Expectation: Self-actualization

Reality: Redefining Self

flower-lady-paintingEver since I began feeling called by God to live in Thailand, I felt like I wasn’t where I was meant to be. There were many tears shed in my last year of university, when I felt like I was wasting my time rather than fulfilling my calling *rolls eyes at melodrama*, and this was even despite the fact that my degree was a requirement for my hiring organization. While I placed far too much importance on my own role in God’s plan to redeem the world, it was real homesickness that I felt for this place that was not my home. So, naturally, I expected that once I finished the application, passed the interviews, got accepted, finished my degree, got accredited, received my approval for ministry, became fully funded, bought my one-way plane ticket, and FINALLY arrived on Thai soil, I would feel completely satisfied, useful, and able to have all the longings of my heart fulfilled.

Consider my surprise upon realizing that my life goal achieved did not equal total heart-longing fulfillment. Don’t get me wrong, I love living in Thailand, and I do feel like I’m meant to be here, which is a beautiful feeling. But so far it is not self-actualization, the fulfilment of all my talents and potential. In fact, moving overseas brought more questions, uncertainty, disillusionment, and self-deprecation than I had hitherto known. Think about it. Back home, I have skills that mean nothing here, I understand all the subtle cultural nuances, I know what it means to be a serving member of a local church, I know my favourite places and pastimes and people, and I can effectively communicate in the common language without even thinking about it. Here in Thailand, though, I have none of these abilities; I even had to choose a new name because mine is unpronounceable for Thai people. Therefore, I have been forced to find my identity not in my ability, how my culture defines me, or how I have defined myself, but in who Jesus says I am.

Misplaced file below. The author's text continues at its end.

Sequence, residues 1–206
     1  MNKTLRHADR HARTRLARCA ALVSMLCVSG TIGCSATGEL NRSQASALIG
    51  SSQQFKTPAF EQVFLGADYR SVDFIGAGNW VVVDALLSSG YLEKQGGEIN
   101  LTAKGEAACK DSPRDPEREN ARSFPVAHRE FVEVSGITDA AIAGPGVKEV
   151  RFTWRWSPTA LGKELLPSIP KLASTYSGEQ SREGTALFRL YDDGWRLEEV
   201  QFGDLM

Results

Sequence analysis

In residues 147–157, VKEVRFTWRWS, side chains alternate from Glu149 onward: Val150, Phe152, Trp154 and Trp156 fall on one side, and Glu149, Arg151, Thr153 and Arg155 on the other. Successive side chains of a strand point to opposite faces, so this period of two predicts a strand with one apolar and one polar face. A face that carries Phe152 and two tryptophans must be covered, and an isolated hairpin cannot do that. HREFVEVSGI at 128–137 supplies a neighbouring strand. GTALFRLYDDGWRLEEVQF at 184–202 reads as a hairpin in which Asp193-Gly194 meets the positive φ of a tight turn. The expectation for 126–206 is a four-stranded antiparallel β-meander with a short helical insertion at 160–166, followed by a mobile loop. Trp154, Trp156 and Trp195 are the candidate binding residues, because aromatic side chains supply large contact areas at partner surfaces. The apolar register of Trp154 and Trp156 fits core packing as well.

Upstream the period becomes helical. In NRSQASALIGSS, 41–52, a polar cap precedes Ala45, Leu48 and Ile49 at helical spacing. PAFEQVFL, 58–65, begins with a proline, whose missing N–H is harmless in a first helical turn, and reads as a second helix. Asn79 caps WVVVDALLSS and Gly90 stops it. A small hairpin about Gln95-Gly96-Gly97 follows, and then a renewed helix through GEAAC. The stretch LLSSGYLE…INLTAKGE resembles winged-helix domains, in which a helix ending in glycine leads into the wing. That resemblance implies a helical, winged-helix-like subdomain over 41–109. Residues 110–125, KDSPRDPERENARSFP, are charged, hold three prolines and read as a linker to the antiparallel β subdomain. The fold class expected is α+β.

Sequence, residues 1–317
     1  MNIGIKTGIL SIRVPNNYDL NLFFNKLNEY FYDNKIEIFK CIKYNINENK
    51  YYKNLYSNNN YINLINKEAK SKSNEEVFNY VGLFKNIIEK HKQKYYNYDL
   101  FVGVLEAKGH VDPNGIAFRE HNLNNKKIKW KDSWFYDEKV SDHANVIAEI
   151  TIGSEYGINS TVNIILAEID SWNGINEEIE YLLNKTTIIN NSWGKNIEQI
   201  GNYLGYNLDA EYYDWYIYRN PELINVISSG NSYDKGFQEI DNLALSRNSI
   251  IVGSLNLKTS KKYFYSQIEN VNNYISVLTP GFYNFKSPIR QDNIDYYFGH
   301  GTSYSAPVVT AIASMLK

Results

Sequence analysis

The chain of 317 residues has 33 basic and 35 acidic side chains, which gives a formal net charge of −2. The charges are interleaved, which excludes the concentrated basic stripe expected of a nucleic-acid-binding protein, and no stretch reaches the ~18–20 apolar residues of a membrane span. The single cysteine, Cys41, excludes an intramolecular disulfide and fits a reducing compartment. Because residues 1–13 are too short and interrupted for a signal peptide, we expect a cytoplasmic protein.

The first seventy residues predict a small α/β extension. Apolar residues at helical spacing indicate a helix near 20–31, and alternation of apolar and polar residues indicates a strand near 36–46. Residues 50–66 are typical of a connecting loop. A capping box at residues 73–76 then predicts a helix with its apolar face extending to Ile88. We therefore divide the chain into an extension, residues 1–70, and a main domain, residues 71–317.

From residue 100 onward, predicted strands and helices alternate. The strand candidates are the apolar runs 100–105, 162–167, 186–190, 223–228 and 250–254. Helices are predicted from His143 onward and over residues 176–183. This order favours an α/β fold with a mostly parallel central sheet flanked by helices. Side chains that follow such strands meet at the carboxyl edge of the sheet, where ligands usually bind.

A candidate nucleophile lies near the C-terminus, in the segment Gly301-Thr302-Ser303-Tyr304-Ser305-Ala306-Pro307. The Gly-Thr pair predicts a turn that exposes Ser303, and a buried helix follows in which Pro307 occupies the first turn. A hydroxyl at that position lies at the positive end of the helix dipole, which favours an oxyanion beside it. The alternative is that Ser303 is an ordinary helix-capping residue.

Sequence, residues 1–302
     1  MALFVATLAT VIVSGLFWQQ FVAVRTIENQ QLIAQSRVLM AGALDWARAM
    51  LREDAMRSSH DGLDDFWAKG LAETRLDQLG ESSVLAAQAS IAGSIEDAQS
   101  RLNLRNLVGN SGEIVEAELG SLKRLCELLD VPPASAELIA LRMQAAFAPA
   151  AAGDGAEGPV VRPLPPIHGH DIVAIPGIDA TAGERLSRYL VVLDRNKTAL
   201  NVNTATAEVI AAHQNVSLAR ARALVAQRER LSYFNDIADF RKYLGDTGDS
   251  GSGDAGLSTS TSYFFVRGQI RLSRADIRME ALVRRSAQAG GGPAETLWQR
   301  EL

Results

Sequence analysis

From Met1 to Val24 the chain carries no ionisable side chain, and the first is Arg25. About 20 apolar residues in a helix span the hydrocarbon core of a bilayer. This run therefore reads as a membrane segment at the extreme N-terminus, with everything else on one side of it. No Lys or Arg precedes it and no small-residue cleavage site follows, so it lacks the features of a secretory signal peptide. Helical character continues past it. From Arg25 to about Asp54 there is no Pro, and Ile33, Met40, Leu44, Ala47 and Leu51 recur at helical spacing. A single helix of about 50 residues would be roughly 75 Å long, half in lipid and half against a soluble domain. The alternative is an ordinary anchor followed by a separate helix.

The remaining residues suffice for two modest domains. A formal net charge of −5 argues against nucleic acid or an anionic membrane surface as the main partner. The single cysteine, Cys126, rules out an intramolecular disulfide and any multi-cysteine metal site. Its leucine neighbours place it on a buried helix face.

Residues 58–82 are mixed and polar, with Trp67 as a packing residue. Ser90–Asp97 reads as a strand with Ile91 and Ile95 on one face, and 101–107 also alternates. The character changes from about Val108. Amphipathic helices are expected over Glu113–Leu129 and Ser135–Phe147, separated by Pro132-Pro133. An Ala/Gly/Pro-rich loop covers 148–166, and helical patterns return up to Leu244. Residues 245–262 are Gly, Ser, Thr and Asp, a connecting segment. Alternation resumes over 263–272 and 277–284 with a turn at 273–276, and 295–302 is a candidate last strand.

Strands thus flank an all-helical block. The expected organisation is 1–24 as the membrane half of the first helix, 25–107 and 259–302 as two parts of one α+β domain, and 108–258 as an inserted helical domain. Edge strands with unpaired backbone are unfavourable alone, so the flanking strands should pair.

Who does Jesus say you are?

Does he look at you and see “the hard worker who strives for approval” or “the disappointment who can’t get it together”, or are you like the gospel-writer John, “the one whom Jesus loves”? The answer is the latter. Soon after coming to Thailand, the Lord led me to the Thai name ธิดา or “Tida”, which essentially means “divine daughter.” That is who I really am, God’s beloved child because of Jesus’ blood shed for me, and that reality brings me freedom, joy, and hope to walk with him and work with him.

 

About The Author

Kaura-lea

Kaura-lea is loved by Jesus and loves following him around the world. She is passionate about reaching out to the least reached, ending sexual exploitation, spending time in the mountains, and drinking coffee. Kaura-lea hails from the Great White North and has the privilege of serving in Thailand.